No parent intends to raise a “drug addict,” and no child grows up wanting to be one. Unfortunately, the disease of addiction does not discriminate. Regardless if you were the most involved parent or uninvolved parent, the strictest or most permissive parent, most loving or most cold parent, most fun or most basic parent, most religious or secular parent, or most rich or poor parent, your child can still develop a substance use disorder. As a parent, your first instinct will most likely be to be to try to control the situation to get your child to stop using drugs. Please know that addiction is a disease. Even though your child may have chosen to use drugs in the beginning, he or she cannot “just stop.” Even if you understand that addiction is a disease, trying to convince your child to seek treatment is not the answer.
The answer to getting your child into addiction treatment is not about convincing him or her. Trying to convince him or her is not going to work because he or she is numb to the pain that you and his or her loved ones are feeling because they are intoxicated. The real answer is to work on yourself and take care of yourself. A saying from the Al-Anon/Nar-Anon programs says, “In family addiction, A+B=C. A is the addicted individual; B is you; and C is the situation. B cannot change A, but if B works on themselves, C will change.” When you work on yourself by learning to cope with your emotions to the situation, changing your reactions, and letting go of the need to control, your child will be more likely to go to seek treatment than you constantly trying to convince them or control the situation.
What is Enabling and Codependency and How to Get Help for it?
Enabling is any action that makes it easy for the addicted individual to stay in their active addiction. Most people do not have the resources to be an addicted by themselves. Someone (the enabler) is usually giving money, bailing them out, making excuses, paying bills, buying groceries, etc. While your natural instinct as a parent is to take care of your child, taking care of your child who is in active addiction will only make him or her sicker. The more that you try to save him or her from themselves or make it more comfortable for them to be in active addiction, the less motivated they will be to change. Unlike any other disease, the addicted individual needs to see the effects of the disease in order to be motivated to get help (hit rock bottom). Codependency is a broad term to describe a range of unhealthy relationship patterns, often characterized by obsession with an individual, desire to fix or control an individual, and a lack of boundaries. Codependency often manifests in relationships between an addicted individual and their loved one because the loved one often obsesses over the individual, tries to fix or control, and lacks boundaries. Enabling is a codependent behavior.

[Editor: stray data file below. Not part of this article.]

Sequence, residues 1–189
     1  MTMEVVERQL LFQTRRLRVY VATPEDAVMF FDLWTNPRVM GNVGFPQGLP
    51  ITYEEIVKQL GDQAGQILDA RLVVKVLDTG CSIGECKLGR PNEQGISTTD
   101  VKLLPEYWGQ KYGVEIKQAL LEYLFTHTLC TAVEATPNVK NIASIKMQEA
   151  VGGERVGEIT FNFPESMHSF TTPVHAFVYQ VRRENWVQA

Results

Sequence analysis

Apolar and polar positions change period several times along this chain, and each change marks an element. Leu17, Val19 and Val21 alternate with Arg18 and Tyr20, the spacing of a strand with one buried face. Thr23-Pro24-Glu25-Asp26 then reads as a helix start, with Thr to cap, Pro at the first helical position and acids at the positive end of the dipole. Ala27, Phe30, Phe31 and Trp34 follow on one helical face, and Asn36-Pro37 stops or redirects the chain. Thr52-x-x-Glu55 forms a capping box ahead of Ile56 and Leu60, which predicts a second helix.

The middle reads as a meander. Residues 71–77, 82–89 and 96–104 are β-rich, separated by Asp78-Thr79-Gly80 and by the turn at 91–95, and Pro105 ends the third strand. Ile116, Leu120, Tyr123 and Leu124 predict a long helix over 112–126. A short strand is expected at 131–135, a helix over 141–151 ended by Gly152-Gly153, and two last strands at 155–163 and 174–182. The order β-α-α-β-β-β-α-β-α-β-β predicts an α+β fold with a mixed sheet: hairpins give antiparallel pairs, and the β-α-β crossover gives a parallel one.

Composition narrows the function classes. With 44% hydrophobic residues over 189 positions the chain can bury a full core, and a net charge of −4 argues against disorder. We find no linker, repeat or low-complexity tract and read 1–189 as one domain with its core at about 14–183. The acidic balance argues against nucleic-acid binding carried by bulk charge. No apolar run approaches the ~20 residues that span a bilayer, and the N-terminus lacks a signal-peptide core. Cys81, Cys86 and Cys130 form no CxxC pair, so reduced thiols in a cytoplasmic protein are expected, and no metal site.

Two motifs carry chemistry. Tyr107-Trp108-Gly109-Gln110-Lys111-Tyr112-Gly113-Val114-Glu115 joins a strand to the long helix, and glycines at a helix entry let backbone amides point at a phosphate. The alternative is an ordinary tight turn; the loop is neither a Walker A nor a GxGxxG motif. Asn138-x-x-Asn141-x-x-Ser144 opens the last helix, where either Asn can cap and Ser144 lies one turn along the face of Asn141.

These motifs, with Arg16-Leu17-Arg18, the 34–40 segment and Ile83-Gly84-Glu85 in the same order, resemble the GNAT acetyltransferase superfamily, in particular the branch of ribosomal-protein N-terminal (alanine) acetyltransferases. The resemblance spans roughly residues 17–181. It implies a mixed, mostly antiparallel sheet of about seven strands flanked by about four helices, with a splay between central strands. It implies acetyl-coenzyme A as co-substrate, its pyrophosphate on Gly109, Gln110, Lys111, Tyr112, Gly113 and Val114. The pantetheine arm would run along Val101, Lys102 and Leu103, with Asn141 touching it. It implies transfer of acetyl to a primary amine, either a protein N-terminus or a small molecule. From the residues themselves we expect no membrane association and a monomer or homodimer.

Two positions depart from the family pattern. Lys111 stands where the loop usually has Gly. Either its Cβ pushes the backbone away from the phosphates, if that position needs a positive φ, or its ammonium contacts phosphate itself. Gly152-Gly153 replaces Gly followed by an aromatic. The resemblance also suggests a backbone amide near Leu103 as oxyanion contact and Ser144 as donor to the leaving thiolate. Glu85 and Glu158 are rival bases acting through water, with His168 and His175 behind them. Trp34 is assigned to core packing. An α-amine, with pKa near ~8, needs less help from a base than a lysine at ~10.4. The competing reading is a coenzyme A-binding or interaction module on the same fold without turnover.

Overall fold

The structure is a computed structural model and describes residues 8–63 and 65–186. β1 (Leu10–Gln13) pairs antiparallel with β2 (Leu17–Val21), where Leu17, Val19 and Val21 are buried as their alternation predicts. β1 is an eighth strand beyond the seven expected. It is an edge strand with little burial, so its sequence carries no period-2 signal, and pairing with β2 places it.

Help for enabling and codependency is available in:
• Support goups (e.g. Al-Anon, Nar-Anon, Codependents’ Anonymous, and SMART Recovery Friends and Family)
• Self-help lectures
• Self-help books on codependency
• Workshops at your child’s rehab if he or she enters treatment
A Sick Child, Not a Bad Child
When you have a child with a substance use disorder, you may feel shame. You may worry what your family, friends, and neighbors will think of you raising a “drug addict.” Rest assured that you are not the only one with a child or a loved one with a substance use disorder. An estimated 90 percent of Americans at least know someone with a substance use disorder. There is still a stigma about addiction, but that stigma is not truth. The fact is your child is sick and needs treatment. He or she is not “bad” and did not become addicted as a result of bad parenting.
Your best bet for combating the stigma is to educate yourself, stay focused on the truth that it is a disease that could have happened to anyone’s child, and get into a community of other loved ones of those who have a substance use disorder to feel supported. Those who have never experienced addiction will not understand. Only take suggestions from those who have been there.
There are numerous addiction treatment centers located near the Jersey Shore. Contact one today at 833-610-1174 to learn more.